The Braves might not have swung big in free agency this offseason like their division rivals, but the club still returns one of the most talented rosters in baseball because of the front office’s ability to lock up core pieces of the team for years to come. For the better part of the next decade, the Braves’ lineup isn’t going to fluctuate much. And in most cases, consistency is a good thing, especially with the production the team expects from its key players. But with the Phillies and, more impressively, the Mets making big moves this offseason, how does the Braves’ 2023 lineup rank among the rest of the league?
Anthony Castrovince of MLB.com recently ranked the top 10 lineups in baseball, and the Braves came in at No. 6 behind the Cardinals, Blue Jays, Astros, Padres, and Mets and in front of the Dodgers, Phillies, Yankees, and Guardians. Here’s what Castrovince had to say about the Braves:
Another lineup that might be undersold here. (What can I say? This is hard.) For what it’s worth (and it could be worth a lot), FanGraphs’ current runs per game projections (pre-Correa on the Mets) have the Braves at No. 1. I can see it, if Acuña — further removed from knee surgery — returns to MVP-level production, if Olson returns to his 2021 output now that he’s more comfortable in Atlanta, and if Grissom proves to be the real deal in Dansby Swanson’s absence. The Braves got great production from d’Arnaud and William Contreras at catcher and DH last season and that is a good bet to continue with Murphy aboard.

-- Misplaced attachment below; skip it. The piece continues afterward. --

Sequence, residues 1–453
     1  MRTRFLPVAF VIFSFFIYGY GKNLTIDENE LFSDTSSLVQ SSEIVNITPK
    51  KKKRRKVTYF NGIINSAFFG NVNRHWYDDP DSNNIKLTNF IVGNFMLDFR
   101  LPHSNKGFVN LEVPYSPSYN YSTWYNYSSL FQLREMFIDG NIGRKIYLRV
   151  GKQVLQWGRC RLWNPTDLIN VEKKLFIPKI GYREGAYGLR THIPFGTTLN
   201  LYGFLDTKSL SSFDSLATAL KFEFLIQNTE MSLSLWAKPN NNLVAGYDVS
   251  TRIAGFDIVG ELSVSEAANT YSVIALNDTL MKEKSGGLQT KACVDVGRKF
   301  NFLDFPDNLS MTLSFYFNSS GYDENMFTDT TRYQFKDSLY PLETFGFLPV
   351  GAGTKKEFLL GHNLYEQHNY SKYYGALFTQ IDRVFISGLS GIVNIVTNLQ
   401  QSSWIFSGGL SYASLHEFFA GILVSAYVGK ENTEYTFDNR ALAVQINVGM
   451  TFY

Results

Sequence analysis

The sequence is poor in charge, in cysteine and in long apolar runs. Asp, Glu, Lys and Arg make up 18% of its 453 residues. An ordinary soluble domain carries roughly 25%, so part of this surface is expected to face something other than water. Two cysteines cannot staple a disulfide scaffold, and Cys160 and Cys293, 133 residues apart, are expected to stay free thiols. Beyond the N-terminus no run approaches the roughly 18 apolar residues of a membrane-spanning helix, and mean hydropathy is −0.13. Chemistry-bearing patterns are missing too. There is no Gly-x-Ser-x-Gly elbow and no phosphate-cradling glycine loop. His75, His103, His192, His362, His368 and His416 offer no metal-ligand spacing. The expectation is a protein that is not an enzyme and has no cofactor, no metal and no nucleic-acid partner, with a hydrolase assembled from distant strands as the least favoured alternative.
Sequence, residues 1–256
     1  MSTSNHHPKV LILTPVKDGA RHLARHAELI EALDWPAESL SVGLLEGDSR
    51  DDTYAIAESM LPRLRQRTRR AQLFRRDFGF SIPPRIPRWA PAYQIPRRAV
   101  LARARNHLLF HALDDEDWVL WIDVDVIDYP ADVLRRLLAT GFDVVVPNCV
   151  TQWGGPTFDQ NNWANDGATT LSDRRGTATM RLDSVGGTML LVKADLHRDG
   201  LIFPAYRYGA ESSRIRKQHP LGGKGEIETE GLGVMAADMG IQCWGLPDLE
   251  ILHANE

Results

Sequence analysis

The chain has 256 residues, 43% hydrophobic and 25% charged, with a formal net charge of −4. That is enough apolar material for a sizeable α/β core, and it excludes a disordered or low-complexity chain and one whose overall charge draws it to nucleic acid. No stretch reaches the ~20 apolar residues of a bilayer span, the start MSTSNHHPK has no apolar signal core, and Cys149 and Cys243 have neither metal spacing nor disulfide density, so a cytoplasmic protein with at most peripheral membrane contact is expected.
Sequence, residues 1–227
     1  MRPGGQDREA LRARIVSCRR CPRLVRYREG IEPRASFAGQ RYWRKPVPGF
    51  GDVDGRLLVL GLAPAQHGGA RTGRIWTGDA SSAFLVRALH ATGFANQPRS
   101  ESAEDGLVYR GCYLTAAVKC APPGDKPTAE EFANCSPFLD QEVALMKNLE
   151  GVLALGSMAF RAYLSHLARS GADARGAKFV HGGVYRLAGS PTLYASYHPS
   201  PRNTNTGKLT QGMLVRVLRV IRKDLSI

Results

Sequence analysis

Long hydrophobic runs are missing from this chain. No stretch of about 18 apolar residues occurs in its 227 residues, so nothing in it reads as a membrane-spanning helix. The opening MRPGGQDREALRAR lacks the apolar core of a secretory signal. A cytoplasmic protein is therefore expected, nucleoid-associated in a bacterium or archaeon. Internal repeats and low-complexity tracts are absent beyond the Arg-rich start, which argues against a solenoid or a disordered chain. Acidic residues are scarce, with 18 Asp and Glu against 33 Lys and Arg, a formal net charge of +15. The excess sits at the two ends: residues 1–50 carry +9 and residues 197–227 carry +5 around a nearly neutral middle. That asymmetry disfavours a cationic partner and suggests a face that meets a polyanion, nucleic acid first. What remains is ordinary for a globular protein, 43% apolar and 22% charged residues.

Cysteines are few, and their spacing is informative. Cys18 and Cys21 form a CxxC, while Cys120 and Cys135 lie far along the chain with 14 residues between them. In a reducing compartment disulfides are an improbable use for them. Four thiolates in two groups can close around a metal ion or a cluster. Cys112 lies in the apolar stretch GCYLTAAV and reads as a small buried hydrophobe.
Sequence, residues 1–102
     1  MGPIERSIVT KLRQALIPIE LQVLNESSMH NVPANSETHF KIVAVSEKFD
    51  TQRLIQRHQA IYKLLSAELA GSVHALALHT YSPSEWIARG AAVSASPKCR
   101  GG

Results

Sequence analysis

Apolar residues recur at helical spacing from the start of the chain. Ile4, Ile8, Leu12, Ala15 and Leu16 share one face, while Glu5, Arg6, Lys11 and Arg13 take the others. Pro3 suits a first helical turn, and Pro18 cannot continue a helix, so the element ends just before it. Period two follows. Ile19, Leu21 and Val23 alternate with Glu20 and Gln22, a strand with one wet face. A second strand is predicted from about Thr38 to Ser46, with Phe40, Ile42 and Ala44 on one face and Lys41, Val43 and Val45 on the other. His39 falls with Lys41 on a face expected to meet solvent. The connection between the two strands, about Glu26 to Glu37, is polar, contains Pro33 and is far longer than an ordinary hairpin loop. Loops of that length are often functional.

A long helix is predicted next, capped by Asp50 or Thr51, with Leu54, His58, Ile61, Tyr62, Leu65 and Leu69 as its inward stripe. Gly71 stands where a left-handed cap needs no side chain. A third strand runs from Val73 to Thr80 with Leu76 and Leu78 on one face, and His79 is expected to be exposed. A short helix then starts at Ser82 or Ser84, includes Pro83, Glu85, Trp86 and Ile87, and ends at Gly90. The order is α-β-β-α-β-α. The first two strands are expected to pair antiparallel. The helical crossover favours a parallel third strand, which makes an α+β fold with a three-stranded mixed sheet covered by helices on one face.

Prior to the Carlos Correa signing, the Braves were projected to have the most wins in baseball in 2023 by FanGraphs. And there’s a reason for it: the Braves are stacked — lineup, rotation, and bullpen. There are a few things I wanted to address further as well. Castrovince points out a few “ifs” that I feel will become a reality.
For two reasons, Matt Olson’s numbers should improve dramatically in 2023. First, he’ll be more comfortable in Atlanta and not have the pressure of filling Freddie Freeman’s shoes nearly as much. The league’s shift ban will also likely result in better production. Olson’s 47 hits lost to the shift since 2020 ranks 3rd in the league, which would have improved his average to .288 from .250 — a dramatic difference.
Moreover, Acuña’s pre-injury numbers were absolutely bonkers, MVP-level stuff. Now, I’m not expecting that to happen in 2023, but I believe he’ll be closer to the 2021 version of himself — which had a .990 OPS, 52 RBIs, and 24 home runs in about half of the season — than the 2022 version. Over his first four seasons, the ultra-talented Acuna slashed .281/.376/.550 with 43 homers on a 162-game pace. Having him back and fully healthy should prove extremely fruitful for the Brave’s offense.
Photographer: Joe Robbins/Icon Sportswire
You must log in to post a comment.